11 If any man speak, let him speak as the oracles of God; if any man minister, let him do it as of the ability which God giveth: that God in all things may be glorified through Jesus Christ, to whom be praise and dominion for ever and ever. Amen.
What do numerous passages tell us what should be our primary occupation? Consider this one.
Matthew 6:19-21 Authorized (King James) Version (AKJV)
19 Lay not up for yourselves treasures upon earth, where moth and rust doth corrupt, and where thieves break through and steal: 20 but lay up for yourselves treasures in heaven, where neither moth nor rust doth corrupt, and where thieves do not break through nor steal: 21 for where your treasure is, there will your heart be also.
Hence, the Founders structured our government to prevent it from interfering with religion, not to use secularism or some other excuse to suppress it.
Why would someone want to suppress Christianity? The Bible reminds us of just how awful we can be. In one of his complaints about the Bible, observed that God seems to approve of some very bad things. Oddly, considering he says he is a historian, forgets that the Bible records quite a bit of history, often just saying what happened. Much of the Bible is also a Book of Law. Making laws appropriate for the ancient Jews, trying to civilize a stiff-necked people — like us — sometimes forced God to compensate for our hard hearts. So He allowed the Jews to divorce their wives, keep slaves, and have a king to rule over them, but He did not approve of any of these things. He simply made laws that softened the affects of our sins.
Civilizing human beings is very difficult. We too often want to do very bad things, and sometime we revert to savagery. Consider how far back to our savage nature we have already gone.
In the following passage, G.K. Chesterton talks about the religion practice by the ancient Carthaginians. Carthage was a a Phoenician colony. The Phoenicians, the folks who gave us our alphabet, are apparently one of the Canaanite Peoples the Hebrews should have destroyed when they took over the Holy Land.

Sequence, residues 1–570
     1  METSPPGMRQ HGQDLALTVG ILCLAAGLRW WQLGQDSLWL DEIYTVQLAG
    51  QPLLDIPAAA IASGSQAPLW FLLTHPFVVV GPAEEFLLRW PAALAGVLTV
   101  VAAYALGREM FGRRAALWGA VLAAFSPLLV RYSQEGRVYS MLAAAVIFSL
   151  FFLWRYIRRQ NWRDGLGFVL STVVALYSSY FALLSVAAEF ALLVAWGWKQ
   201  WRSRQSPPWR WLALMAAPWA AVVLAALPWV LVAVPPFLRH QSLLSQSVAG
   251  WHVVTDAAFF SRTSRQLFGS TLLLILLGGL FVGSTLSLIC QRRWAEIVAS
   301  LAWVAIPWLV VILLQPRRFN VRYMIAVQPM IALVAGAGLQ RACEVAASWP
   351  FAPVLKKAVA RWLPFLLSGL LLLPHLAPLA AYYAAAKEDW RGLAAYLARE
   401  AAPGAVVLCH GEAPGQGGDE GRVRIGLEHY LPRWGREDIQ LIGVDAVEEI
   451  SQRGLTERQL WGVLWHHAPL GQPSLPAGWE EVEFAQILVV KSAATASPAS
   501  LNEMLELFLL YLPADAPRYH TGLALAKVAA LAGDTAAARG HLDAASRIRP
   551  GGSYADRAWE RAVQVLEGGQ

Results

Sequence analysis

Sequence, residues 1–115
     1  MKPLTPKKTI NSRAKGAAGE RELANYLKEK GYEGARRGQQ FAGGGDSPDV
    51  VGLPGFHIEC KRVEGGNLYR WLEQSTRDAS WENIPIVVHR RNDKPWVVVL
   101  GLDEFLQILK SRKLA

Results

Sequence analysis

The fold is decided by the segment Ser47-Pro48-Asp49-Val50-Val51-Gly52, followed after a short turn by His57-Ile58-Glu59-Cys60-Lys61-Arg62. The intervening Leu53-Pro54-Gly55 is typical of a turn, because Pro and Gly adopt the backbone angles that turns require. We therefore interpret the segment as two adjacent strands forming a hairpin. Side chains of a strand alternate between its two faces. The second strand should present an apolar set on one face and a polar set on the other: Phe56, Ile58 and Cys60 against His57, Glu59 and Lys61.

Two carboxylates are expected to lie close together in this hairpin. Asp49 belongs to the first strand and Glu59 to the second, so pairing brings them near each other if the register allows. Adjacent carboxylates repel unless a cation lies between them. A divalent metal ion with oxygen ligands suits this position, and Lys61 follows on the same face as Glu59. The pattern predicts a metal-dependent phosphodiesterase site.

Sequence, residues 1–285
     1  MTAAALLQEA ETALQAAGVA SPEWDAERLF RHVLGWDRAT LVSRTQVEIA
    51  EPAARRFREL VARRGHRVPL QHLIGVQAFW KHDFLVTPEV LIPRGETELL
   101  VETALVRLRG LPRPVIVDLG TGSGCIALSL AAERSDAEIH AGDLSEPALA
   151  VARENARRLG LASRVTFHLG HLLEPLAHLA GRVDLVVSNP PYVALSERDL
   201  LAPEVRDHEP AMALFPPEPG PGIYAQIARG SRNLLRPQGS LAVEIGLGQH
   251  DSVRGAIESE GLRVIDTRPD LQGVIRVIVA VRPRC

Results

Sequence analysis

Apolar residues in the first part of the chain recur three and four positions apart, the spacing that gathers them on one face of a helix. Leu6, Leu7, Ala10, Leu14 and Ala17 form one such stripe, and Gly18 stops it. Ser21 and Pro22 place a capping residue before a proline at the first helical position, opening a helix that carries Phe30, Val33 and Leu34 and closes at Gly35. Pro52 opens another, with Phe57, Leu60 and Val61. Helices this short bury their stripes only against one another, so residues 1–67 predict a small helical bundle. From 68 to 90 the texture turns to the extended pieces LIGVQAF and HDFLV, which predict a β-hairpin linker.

In a previous chapter I have hinted at something of the psychology that lies behind a certain type of religion. There was a tendency in those hungry for practical results, apart from poetical results, to call upon spirits of terror and compulsion; to move Acheron in despair of bending the Gods. There is always a sort of dim idea that these darker powers will really do things, with no nonsense about it. In the interior psychology of the Punic peoples this strange sort of pessimistic practicality had grown to great proportions. In the New Town, which the Romans called Carthage, as in the parent cities of Phoenicia, the god who got things done bore the name of Moloch, who was perhaps identical with the other deity whom we know as Baal, the Lord. The Romans did not at first quite know what to call him or what to make of him; they had to go back to the grossest myth of Greek or Roman origins and compare him to Saturn devouring his children. But the worshippers of Moloch were not gross or primitive. They were members of a mature and polished civilisation, abounding in refinements and luxuries; they were probably far more civilised than the Romans. And Moloch was not a myth; or at any rate his meal was not a myth. These highly civilised people really met together to invoke the blessing of heaven on their empire by throwing hundreds of their infants into a large furnace. We can only realise the combination by imagining a number of Manchester merchants with chimney-pot hats and mutton-chop whiskers, going to church every Sunday at eleven o’clock to see a baby roasted alive. (from Everlasting Man (1925) by Chesterton, Gilbert Keith (1874-1936))
The ancient Romans utterly destroyed Carthage.
Referring to it as a secular practice, denying the humanity of the unborn, we sacrifice infants today. We don’t overtly call an abortion a sacrificial offering; we deny the practice might have any entertainment value. Nonetheless, trying to elevate the practice — making every taxpayer an accomplice — abortion supporters fight tooth and nail for public funding. Hence, to satisfy the demands of our “secular” government, abortion supporters deny the possibility that an unborn baby — a miracle of life — has any religious significance.